Change is Local 

In the wake of the historic 2020 election, I will admit to feeling a certain month-long glow. Despite a long pattern of disenfranchisement in Indigenous communities and an uneasy outlook toward the electoral process in general, Native voters turned out in full force and took the opportunity to make our voices heard in the American political arena. This has led to some amazing things, such as a likely confirmation of the first-ever Native American Secretary of the Interior. But it has also led to some other more unsettling feelings that until this week I was unable to give voice to: What about our elections? What about our economies? What about our futures?

While the exact structures, requirements, and governmental processes for engaging with the tribal political system varies from nation to nation, one thing that is consistent across Turtle Island is that the turnout for the United States presidential elections vastly eclipses the level of enthusiasm for local tribal changes. At the annual Menominee General Council, I am quite frequently one of only a small handful of voting-age adults who is under the age of 45. I have heard similar things from friends in other nations who express frustration that our tribal political processes do not see the same level of robust participation that other electoral processes have. All of this occurs despite the fact that opinions on tribal government decisions across all age groups are never in short supply. Our local Facebook group sees numerous posts daily critiquing tribal governmental decisions and offering ideas for improvement, but suggestions to take these critiques through the formal process of government engagement are frequently met with excuses and even open hostility.

Tribal elections are similarly underwhelming. I myself have let tribal elections go by knowingly—not because I do not care about what happens to the tribe but because I feel ill-equipped to make a meaningful decision. So often I have stood in my kitchen holding my ballot and reading off the names, trying to decide whether or not I had any true preference for anyone on the list beyond what I knew of them as people. I do not agree with people who only vote for their relatives and close family friends but when faced with the choice myself, I found that I had little else to go on.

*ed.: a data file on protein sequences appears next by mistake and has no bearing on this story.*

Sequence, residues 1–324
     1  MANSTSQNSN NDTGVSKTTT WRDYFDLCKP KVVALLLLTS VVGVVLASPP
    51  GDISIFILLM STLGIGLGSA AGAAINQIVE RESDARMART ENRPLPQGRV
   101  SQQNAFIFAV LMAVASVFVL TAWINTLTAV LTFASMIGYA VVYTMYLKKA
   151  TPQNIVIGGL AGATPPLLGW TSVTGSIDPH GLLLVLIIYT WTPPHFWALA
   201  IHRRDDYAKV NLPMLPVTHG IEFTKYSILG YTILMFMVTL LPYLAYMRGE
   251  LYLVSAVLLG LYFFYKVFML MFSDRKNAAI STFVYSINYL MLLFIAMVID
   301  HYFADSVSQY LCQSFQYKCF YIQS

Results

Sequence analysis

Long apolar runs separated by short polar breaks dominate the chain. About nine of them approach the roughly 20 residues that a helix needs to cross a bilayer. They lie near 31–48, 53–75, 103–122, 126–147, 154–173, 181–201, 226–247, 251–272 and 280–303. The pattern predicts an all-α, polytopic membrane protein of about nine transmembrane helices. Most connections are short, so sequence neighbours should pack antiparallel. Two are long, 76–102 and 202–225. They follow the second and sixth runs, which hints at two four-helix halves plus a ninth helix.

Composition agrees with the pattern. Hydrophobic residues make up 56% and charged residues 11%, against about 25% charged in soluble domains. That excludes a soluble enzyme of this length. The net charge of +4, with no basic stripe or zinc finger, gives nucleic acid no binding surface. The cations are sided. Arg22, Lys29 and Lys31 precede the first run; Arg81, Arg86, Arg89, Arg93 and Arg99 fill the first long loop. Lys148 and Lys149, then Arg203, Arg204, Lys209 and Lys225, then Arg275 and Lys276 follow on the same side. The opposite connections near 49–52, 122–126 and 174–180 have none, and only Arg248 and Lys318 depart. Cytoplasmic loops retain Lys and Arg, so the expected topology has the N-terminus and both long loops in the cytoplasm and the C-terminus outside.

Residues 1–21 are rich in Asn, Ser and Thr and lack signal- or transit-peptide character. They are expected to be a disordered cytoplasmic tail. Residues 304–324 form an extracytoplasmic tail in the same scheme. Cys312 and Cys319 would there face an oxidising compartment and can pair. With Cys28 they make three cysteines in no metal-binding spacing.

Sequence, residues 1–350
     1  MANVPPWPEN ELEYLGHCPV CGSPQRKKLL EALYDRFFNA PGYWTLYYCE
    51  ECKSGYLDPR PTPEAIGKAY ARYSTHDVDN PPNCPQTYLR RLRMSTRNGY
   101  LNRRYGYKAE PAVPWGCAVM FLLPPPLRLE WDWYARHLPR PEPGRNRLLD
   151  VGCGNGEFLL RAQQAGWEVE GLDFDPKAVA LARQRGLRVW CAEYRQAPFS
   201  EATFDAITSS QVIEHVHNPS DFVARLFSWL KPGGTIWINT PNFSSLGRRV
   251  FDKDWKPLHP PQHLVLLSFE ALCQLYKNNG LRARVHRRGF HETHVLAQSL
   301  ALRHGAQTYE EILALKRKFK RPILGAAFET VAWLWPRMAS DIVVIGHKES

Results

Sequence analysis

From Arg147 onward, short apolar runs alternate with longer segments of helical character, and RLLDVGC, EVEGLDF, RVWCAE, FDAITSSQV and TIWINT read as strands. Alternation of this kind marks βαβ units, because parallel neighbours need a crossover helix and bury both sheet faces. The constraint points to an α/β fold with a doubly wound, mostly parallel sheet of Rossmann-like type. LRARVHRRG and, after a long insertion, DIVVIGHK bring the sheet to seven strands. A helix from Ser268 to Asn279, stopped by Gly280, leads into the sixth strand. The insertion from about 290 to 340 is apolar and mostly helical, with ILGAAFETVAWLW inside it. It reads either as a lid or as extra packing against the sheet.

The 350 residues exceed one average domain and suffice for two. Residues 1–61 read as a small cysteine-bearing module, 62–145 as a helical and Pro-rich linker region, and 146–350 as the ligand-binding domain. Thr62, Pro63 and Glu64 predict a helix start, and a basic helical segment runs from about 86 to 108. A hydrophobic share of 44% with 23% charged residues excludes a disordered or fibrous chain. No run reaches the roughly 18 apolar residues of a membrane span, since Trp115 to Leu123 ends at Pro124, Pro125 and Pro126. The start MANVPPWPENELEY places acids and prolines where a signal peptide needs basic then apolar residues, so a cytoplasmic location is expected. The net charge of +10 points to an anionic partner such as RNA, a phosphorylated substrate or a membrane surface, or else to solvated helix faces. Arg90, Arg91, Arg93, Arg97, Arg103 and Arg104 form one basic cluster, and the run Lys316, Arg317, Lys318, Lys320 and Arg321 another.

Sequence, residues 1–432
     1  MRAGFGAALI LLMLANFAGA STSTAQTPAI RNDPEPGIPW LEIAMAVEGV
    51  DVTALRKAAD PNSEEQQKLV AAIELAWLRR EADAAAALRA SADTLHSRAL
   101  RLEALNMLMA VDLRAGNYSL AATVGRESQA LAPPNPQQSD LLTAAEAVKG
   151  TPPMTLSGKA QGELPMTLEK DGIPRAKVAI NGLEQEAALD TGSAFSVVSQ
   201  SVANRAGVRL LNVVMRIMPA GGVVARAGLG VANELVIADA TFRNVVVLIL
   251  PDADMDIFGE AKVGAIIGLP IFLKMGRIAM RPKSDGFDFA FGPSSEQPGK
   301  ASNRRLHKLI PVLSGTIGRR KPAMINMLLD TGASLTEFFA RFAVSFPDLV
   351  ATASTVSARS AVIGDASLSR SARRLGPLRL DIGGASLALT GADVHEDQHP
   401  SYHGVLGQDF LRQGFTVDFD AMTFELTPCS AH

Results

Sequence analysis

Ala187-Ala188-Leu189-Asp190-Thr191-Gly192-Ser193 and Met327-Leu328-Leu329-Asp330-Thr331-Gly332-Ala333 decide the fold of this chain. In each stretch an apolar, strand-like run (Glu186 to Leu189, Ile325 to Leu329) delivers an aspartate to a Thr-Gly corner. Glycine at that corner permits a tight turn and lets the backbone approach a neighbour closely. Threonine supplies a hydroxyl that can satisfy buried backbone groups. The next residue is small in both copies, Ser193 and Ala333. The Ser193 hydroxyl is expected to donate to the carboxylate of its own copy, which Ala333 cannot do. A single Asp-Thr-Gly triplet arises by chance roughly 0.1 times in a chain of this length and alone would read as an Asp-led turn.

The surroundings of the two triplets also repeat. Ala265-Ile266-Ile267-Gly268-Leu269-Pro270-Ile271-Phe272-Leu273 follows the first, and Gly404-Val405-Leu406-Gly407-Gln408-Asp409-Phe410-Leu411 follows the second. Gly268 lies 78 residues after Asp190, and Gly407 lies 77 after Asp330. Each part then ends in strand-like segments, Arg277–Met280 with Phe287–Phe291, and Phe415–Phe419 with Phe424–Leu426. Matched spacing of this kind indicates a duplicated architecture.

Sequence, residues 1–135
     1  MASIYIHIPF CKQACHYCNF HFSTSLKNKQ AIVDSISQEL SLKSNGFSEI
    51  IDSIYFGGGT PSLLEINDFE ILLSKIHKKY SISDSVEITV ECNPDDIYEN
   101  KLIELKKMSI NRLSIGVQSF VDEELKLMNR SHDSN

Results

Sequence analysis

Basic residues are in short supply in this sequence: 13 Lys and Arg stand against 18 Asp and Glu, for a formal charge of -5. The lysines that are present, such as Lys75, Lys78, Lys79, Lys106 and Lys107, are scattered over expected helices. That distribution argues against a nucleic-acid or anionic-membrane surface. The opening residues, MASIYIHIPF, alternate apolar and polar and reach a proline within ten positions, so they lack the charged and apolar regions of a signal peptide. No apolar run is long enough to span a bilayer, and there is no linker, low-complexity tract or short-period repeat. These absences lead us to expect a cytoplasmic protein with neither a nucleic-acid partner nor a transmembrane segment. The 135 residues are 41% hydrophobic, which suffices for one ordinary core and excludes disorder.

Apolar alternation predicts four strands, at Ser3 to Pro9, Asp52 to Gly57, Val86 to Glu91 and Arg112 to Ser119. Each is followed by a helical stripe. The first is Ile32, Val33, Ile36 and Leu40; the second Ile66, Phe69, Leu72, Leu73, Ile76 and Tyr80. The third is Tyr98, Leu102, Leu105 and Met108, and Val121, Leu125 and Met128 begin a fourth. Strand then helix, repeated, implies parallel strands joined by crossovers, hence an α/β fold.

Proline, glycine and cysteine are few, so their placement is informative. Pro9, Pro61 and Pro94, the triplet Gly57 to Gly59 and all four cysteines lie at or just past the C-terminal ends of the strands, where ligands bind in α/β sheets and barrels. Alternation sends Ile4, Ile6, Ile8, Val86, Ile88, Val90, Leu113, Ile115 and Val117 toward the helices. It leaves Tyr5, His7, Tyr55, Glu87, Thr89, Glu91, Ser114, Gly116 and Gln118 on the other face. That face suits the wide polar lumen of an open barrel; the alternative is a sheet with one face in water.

This year, in an effort to combat what I felt was a genuine problem that needs to be addressed, I decided to volunteer myself to work with a local grassroots organization called Menīkānaehkem, Inc., which hosts an annual tribal candidate forum. I had attended these in the past and even volunteered to do some light work on the day of the forum but never worked as an organizer. We worked out our plan, format, and strategies for engagement over the course of many meetings, working to pull in as many Menominees as possible from all over the country. To be honest, none of it felt real up until the day before when I suddenly found myself looking at the agenda and the list of things to do, wondering if we could actually pull it off.

The results were incredible. We had a few things to work out and some technical issues, as can be expected, but we managed to pull in a consistent viewership that was triple what we had observed in years past. People were engaged to a depth I did not anticipate. As I listened to our candidates differentiate themselves and speak deeply on issues that were important to us as a tribal community, I felt a swelling of pride that was over and beyond what I thought I could still feel about any political process. Time will tell whether or not our efforts to increase voting were as successful as the passive viewership of an online forum, but it felt like we were laying the groundwork for a more robust way of increasing participation in and ownership of our own tribal future.

Jasmine Neosh is a student at College of Menominee Nation.

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